The grants, announced late last month, are the first to be released as part of the state’s Transformative Climate Communities (TCC) program. The TCC program is designed to serve three overarching goals in disadvantaged communities—reducing emissions, strengthening economies, and improving public health. And it’s funded with the proceeds of California’s cap and trade system, enacted in 2013 to reduce greenhouse gas emissions statewide. In addition to Watts, which will receive $35 million to plant trees, create new affordable housing, and improve transportation infrastructure, $70 million was awarded to Fresno, and another $35 million to Ontario, a small city east of Los Angeles.

Randall Winston, executive director of the Strategic Growth Council, which was created in 2008 to coordinate all of California’s work on environmental planning, transportation, and economic development, says that the TCC grants are meant to help disadvantaged communities design their own solutions to urban and environmental problems. The Strategic Growth Council used a tool called CalEnviroScreen, which ranks California communities based on their relative burdens from pollution and other health and social indicators, to weigh applications. Even before the TCC grants were officially announced last month, the SGC had decided that half the money would go to Fresno, which includes all of the ten most disadvantaged census tracts in the state, measured by CalEnviroScreen. Another quarter of the money was set aside for L.A., which has the highest number of disadvantaged census tracts in the state.

“This program out of the gate sought to target the most polluted and poorest parts of the state,” Winston says.

The application from Watts rose to the top for a number of reasons, Winston says. The city, which is 72 percent Hispanic/Latino and 26 percent African-American, has lower levels of educational attainment, half the median income, and a greater portion of rent-burdened residents than the state as a whole, according to data gathered by Watts Rising Collaborative, the group that submitted the application. And the history of Watts—six days of riots in the 1960s were followed by a state commission report that identified many of the causes of disparities in the area but was largely ignored—provided a “powerful” backdrop to its application as well, Winston says.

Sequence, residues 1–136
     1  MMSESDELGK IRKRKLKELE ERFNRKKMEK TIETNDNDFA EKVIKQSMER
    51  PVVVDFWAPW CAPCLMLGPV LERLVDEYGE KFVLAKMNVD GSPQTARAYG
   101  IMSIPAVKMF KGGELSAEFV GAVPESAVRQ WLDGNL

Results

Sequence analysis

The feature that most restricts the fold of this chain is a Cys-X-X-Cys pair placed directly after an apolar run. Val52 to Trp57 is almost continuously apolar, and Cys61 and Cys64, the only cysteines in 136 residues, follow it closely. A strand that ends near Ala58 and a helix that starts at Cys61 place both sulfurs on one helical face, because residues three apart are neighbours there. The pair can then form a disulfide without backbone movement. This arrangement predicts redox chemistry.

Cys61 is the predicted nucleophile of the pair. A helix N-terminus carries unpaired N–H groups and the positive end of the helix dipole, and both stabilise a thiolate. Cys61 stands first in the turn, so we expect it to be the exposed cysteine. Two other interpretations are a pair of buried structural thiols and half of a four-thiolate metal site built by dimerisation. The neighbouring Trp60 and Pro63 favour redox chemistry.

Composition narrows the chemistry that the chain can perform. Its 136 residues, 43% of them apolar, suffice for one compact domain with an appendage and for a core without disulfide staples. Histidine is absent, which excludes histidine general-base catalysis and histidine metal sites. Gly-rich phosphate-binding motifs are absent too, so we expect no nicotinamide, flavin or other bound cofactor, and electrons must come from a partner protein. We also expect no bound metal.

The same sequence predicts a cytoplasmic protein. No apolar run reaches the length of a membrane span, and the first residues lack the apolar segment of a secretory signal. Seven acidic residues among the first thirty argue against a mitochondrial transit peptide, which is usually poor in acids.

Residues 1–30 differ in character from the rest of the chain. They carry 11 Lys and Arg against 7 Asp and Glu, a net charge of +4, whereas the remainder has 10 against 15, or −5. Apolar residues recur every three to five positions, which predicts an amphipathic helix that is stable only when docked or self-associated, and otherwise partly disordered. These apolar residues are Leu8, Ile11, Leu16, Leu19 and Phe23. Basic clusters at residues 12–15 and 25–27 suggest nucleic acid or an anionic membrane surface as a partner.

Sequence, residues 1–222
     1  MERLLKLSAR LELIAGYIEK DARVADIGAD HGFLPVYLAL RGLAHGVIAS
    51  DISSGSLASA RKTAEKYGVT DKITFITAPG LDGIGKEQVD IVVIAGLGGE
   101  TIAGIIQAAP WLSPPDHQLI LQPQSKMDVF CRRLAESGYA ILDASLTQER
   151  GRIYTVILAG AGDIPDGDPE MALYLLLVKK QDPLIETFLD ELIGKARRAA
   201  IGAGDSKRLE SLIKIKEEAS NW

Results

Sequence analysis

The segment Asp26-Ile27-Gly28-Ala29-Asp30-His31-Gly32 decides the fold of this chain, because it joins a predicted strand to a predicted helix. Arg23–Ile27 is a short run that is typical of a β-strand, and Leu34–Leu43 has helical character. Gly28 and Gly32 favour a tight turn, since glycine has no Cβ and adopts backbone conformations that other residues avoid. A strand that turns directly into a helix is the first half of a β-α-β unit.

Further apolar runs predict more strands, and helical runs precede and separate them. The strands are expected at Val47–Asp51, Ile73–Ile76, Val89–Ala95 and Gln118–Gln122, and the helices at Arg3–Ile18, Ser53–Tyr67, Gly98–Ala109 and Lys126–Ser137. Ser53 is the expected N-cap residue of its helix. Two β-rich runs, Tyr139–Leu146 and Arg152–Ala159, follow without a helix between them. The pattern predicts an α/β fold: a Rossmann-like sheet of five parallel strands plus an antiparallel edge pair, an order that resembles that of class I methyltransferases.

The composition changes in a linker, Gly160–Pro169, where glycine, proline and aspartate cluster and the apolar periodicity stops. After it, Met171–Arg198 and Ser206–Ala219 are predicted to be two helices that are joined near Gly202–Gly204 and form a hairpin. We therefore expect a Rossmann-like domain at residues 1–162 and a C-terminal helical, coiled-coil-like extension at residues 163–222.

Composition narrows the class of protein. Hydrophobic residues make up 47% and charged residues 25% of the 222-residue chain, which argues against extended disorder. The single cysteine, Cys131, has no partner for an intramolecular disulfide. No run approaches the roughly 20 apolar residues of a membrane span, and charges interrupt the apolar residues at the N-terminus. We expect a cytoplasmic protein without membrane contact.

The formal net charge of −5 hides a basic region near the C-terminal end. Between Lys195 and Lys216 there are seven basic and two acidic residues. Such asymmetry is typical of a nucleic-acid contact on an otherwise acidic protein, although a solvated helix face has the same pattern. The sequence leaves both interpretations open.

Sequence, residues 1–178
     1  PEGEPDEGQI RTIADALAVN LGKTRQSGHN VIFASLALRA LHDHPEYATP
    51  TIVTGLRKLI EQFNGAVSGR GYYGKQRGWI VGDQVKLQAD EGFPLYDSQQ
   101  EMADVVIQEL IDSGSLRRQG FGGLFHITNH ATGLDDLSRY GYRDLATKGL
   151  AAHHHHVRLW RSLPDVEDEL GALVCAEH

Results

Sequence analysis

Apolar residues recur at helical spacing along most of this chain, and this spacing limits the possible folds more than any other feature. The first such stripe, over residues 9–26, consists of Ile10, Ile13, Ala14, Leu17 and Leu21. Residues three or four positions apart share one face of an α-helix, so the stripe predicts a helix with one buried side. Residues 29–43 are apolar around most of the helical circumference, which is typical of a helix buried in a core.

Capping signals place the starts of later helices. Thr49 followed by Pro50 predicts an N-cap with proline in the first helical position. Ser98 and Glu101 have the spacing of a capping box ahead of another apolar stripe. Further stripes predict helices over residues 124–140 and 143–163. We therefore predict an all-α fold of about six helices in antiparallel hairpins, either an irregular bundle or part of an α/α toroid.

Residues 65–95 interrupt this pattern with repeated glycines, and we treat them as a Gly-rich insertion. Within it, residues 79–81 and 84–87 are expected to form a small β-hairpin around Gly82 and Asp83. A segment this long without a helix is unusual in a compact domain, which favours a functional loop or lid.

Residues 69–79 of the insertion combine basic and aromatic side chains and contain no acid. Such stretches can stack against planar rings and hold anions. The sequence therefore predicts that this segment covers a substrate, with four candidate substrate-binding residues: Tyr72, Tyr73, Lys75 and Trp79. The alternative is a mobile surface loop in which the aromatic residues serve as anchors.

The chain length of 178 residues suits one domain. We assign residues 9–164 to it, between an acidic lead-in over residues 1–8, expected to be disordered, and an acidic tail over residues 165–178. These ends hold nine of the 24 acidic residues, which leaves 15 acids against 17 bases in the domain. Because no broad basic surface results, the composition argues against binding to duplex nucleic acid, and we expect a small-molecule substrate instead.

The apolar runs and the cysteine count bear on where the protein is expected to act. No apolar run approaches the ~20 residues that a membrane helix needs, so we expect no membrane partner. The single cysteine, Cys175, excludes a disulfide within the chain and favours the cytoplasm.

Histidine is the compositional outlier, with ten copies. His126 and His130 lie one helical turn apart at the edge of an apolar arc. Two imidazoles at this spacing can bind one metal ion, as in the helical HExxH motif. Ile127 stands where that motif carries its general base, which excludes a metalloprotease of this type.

But mostly it was the plan itself, and the team that put it together.

The Watts Rising Collaborative includes more than a dozen partner agencies, led by the Housing Authority of the City of Los Angeles. According to the collaborative’s organizational chart, responsibility for preparing the application fell to the housing authority and the City of Los Angeles, but top-level guidance on the plan was the purview of a community leadership council, which include neighborhood representatives. Applicants for TCC grants were required to sign contractual agreements spelling out how community engagement would be included in both the planning and implementation of the proposals, Winston says.

“To me that’s so important, because it speaks to how you can keep residents engaged,” Winston says. “These are long-term investments. It’s not the case that we’re looking to award $35 million and walk away. We’re looking to see the human infrastructure in place to sustain resident involvement and input. Watts has built up an infrastructure that is kind of like no other.”